CAIRO: As Egypt braces an election period, People’s Assembly ballot slated for October and a presidential race in 2011, media and political experts are leery of local media’s ability to cover the lengthy process.
Although media in Egypt has significantly progressed over the past few years, a higher sense of professionalism and training specific to elections are necessary for accurate coverage, members of two discussion panels hosted by the EU under the title "The Role and Responsibilities of the Media in Elections" agreed on Tuesday.
Egypt has a seen a boom in the number of independent and privately owned newspaper and TV talk shows which, on one side, widened the scope of coverage and allowed multiple political representation.
However, experts argue that such a splurge lacks professionalism, order and an editorial strategy.
“The government strategy is to flood and confuse,” professor of Political Science at Cairo University and panelist Ali El Sawy said, slamming the recent progress in media as “excessive.”
“The media has widened the public’s awareness but has failed to change what people believe in… It hasn’t shaped public opinion,” he added.
He explained that many talk show presenters lack academic background in media studies, “so they end up passing their own views rather than informed suggestions.”
“The problem is that the media has very little credibility. The state media has almost lost all credibility, especially amongst the middle class,” Hani Shukrallah, editor at Al-Shorouk daily, told Daily News Egypt after the seminar.
“And the problem with privately owned is… the level of professionalism, the level to adherence to professional ethics,” he added.
“There is very little emphasis on accuracy and truth, and much more emphasis on what item sells, and what their audience want to read” Shukrallah continued.
During the seminar, Shukrallah pointed to huge discrepancies between how state and independent media report the same issues.
“The truth is the fifth priority for media in Egypt,” he said.
Member of the Policy Secretariat Committee of the National Democratic Party Hossam Badrawy accused independent/privately owned media of falsifying information published by official sources. He said that such an environment breeds mistrust in all entities.
Meanwhile, political analyst at Al-Ahram Center for Political and Strategic Developments Amr El-Choubeki said, “Most Talk Shows in Egypt lack editorial strategies… they are chaotic and dangerous.”
El-Choubeki explained that Egyptian media needs to follow a new set of guidelines, undergo specific trainings and outline editorial strategies.
Questions on the extent to which funders dictate editorial content were also on the table.
“It’s okay to follow a certain agenda but each institution needs to be transparent about it so that citizens choose knowingly,” said Badrawi.
Some speakers criticized the news coverage by Al-Ahram and other state-run publications.
“If media is not entirely democratic, it is not necessarily autocratic. Egyptian media is in a transitional stage,” said Hala Moustafa, editor in chief of Democracy Journal, a quarterly publication of Al-Ahram.
“Media in Egypt is a populist media,” and if that persists, Moustafa argued, “it will help maintain the status quo.”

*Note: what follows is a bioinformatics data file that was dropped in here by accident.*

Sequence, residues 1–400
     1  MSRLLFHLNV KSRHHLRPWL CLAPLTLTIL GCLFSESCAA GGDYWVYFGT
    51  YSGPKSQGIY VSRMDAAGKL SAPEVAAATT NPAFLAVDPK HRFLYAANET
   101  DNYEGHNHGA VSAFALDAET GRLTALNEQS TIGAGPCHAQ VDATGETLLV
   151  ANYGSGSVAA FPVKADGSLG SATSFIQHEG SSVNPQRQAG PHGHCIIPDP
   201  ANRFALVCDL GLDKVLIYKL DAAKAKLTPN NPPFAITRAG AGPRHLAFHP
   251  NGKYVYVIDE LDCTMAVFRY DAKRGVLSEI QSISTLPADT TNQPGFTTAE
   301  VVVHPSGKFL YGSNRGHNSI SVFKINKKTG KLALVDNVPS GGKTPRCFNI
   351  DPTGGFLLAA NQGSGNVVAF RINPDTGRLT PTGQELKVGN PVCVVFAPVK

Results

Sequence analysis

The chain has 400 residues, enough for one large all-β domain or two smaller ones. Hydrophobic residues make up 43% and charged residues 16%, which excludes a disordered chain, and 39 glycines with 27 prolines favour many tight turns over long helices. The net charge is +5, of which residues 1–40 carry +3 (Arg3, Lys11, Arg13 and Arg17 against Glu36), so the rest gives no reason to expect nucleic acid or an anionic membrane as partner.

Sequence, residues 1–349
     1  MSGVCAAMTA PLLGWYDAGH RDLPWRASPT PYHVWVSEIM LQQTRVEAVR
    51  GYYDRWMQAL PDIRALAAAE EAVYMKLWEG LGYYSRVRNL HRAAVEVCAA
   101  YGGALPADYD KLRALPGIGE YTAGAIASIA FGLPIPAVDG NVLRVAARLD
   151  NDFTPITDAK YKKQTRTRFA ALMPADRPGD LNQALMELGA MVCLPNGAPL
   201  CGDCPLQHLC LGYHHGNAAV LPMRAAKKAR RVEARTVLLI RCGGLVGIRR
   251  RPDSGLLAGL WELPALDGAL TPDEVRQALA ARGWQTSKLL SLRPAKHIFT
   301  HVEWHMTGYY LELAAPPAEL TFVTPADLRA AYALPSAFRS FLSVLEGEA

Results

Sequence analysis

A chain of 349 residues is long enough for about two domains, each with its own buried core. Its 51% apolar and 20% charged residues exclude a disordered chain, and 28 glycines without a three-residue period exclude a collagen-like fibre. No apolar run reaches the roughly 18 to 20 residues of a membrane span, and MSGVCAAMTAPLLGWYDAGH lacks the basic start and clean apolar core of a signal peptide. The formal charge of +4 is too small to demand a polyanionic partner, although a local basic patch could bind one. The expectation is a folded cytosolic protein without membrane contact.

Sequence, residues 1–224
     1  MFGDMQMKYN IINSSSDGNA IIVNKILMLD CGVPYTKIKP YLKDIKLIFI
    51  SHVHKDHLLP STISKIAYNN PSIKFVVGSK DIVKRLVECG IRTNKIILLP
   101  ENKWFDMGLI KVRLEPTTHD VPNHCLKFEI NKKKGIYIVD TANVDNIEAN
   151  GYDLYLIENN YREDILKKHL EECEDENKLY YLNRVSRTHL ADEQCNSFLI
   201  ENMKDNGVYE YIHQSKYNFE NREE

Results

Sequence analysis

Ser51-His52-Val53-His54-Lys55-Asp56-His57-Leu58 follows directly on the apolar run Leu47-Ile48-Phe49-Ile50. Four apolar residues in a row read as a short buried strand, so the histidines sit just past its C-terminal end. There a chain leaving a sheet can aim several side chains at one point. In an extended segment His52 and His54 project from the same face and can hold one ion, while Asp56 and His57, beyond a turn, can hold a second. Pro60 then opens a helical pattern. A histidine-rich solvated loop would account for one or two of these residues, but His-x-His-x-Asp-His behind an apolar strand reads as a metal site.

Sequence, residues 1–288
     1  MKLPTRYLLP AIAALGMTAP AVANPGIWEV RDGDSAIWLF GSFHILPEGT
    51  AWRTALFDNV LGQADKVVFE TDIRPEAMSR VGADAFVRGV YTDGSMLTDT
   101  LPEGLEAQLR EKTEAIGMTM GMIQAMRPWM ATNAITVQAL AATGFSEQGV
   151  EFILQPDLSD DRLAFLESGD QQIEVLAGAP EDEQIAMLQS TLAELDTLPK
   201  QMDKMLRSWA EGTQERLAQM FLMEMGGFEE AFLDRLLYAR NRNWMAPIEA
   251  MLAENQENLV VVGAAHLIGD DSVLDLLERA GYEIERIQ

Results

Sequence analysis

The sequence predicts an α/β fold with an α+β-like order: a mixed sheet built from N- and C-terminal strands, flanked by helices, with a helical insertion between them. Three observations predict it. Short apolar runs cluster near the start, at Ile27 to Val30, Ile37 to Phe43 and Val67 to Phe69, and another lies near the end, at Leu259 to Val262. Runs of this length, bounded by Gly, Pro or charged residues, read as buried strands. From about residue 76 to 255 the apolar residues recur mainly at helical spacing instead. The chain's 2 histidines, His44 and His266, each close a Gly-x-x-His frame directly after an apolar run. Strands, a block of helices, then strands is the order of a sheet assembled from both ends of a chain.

On political representation in the media, she said: “There is a gap in the size and power of political parties in Egypt,” pointing to Al-Wafd as the only opposition party with a roundly circulated daily publication.
“What about the opposition and reform movements that are not represented in political parties, how will the media represent their voices?”
Media and elections
Although the obstacles facing today’s media took center stage Tuesday, experts also discussed reasons for low participations during elections and the role the media should play to encourage citizens to cast their votes.
The media’s role is not restricted to vote-casting, according to Daily News Egypt Chief Editor and seminar panelist Rania Al Malky.
“The media should play a role before, during and after the elections,” she said, adding that there is a gap between what the media is supposed to do and what actually happens.
Al Malky explained that educating the public about the process of elections is “an absent element” that should be carried out by the media during the campaigning stages.
Similarly, Shukrallah said that the current state of the media is one among many factors why Egyptians choose not to cast their votes.
“Coverage is not just going to the polling stations and interviewing people. It’s giving background; it’s giving information about the context. It’s a whole process," he said.
Meanwhile, MP Georgit Qellini stressed that the media should adopt the language of the people and avoid complicated legal terms as a way to grab their interest.
“The most important member of the elections is the Egyptian citizen,” she said.
She added that journalists need extensive training be able to cover elections.
“Most media personnel are unaware of the roles of MPs and thus are unable to properly conduct interviews,” she said.
However, many remained skeptical of elections in Egypt in general, whether or not the media adopts the necessary tools to cover them.
“People don’t feel that their vote is worth anything and they are convinced that the government will have the results it wants whether they vote or not,” Shukrallah told Daily News Egypt.
He dismissed the coverage of the recent Shoura Council elections, which saw low participation rates.
“Interest [from the readers] in the PA elections will be much higher but I don’t think that that means coverage will be better,” he said.
“If there aren’t fair elections, then the role of the media will be spurious,” Secretary General of the Egyptian Organization for Human Rights Hafez Abu Saeda said.